HNSS to boost cotton farming
HNSS to boost cotton farming

Anantapur: Cotton production and acreage is now on a downward trend due to a pink bollworm plague striking and damaging the crop and adversely affecting its yield. In the past, the extent of cotton cultivation was in a mere 2,000 hectares in the district.

After the introduction of BT cotton, cultivation of cotton saw a revolution and the acreage gradually increased in the district increased to 70,976 hectares in 2014-15 year. The highest cotton production in the state is in Guntur and Krishna districts. Cotton farmers feel that good days for cotton would come after the completion of the HNSS Project. The district will get assured water for the various crops and is expected to change the landscape of the district. Assured water can boost cotton crop prospects as well. 

Agriculture scientist John Sudheer told ‘The Hans India’ that 2015-16 and 2016-17 year was very bad for cotton due to the severe drought conditions on one hand and the pest called as bollworm which struck the plants on the other hand. The acreage dwindled to 22,000 hectares.

The best year for cotton was in 2014-15 when farmers went for the drought resistant crop in both red and black soils and registering the highest coverage of 70,976 hectares in Anantapur and 2.78 lakh hectares in Kurnool. The farmers earned handsomely at the rate of Rs 5,000 per quintal and even if a minimum four quintals were produced in a single acre, they would earn Rs 20,000 per acre.

However, the decline started from 2015-16 year when the acreage dropped down to 66,000 hectares and in the subsequent year to 22,000 hectares in Anantapur, which is a steep fall from the 2014-15 figures. In a double crop system also, cotton is being preferred due to uncertain monsoon conditions. Crop can withstand the dry spell for 30-40 days with less post-harvest operations.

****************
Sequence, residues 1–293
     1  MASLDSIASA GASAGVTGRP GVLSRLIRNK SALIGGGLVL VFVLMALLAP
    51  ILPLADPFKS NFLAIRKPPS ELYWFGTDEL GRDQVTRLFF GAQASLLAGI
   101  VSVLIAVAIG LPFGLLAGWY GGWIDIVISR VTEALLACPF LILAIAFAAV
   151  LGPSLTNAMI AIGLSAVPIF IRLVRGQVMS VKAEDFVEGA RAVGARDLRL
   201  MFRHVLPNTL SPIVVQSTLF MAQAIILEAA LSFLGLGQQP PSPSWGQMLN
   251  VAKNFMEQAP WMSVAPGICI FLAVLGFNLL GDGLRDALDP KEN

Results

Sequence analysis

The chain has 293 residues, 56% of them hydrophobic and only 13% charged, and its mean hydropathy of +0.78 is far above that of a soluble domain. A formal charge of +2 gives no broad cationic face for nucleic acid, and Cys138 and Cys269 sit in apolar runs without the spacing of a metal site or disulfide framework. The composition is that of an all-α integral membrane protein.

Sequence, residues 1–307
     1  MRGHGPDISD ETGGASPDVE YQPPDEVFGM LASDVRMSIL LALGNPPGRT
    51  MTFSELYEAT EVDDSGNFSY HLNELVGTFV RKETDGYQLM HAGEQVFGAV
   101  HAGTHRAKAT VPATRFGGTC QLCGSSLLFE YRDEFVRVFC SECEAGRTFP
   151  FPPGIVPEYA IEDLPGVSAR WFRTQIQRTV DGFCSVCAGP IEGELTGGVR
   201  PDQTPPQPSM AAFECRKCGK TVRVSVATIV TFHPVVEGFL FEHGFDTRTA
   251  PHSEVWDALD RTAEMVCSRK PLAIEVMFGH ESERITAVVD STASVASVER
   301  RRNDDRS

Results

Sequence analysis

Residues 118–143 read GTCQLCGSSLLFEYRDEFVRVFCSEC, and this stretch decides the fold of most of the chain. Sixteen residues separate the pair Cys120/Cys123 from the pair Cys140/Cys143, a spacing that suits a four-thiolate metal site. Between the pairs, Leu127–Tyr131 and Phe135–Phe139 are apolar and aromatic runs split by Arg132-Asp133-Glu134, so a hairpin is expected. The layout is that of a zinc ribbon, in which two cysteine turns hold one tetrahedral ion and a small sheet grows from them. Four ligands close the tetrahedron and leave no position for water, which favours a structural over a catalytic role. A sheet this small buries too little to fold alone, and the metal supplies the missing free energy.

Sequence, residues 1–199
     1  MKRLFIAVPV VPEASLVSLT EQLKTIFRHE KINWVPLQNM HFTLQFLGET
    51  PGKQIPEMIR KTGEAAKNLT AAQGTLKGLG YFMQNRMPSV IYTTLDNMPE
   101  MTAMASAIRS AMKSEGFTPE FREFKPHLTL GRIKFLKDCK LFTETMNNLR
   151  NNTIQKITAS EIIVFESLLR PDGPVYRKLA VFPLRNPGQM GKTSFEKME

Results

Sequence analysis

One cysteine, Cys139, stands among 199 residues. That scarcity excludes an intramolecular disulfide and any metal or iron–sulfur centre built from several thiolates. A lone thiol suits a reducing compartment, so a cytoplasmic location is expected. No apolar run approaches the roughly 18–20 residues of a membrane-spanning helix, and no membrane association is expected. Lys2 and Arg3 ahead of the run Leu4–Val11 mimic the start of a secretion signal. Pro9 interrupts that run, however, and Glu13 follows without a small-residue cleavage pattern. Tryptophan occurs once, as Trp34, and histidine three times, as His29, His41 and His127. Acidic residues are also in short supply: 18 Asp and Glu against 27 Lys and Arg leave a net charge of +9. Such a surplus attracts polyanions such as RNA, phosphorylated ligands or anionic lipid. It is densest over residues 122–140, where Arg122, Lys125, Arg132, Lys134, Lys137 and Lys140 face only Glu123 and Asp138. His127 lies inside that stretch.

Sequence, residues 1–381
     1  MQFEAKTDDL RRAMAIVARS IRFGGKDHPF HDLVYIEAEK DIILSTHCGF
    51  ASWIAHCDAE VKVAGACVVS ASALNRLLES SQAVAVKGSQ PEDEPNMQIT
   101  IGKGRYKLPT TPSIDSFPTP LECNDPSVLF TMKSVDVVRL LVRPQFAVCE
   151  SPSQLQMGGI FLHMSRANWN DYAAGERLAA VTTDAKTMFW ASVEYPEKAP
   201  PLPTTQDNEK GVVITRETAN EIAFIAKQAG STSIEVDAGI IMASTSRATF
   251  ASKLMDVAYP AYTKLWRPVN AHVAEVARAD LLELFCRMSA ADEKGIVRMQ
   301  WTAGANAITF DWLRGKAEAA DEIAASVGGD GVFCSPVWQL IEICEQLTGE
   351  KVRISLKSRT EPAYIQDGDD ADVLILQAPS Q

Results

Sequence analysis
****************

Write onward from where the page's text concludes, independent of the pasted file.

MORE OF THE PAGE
Compared to chillies and tobacco, cotton cultivation is less risky and more remunerative. Distinct variation in productivity levels are also observed in different regions like coastal area recording high productivity levels compared to Rayalaseema and Telangana.

The adverse factors for the crop include vagaries of monsoon, increased cost of cultivation, cultivation of cotton in red soils and lack of high yielding and multiple insect and disease resistant varieties besides lack of location specific agri-techniques, imbalanced use of fertilisers and heavy incidence of suckling pests mainly leafhopper.

Development of resistance in sucking pests, lack of antibiotic tolerant BT cotton hybrids and increased cost of cultivation due to high picking cost are the major problems dogging farmers particularly in Anantapur and other parts of Rayalaseema. Farmers feel that emphasis should be on the development of BT cotton varieties and hybrids and on the establishment of a cotton research institute in Rayalaseema.


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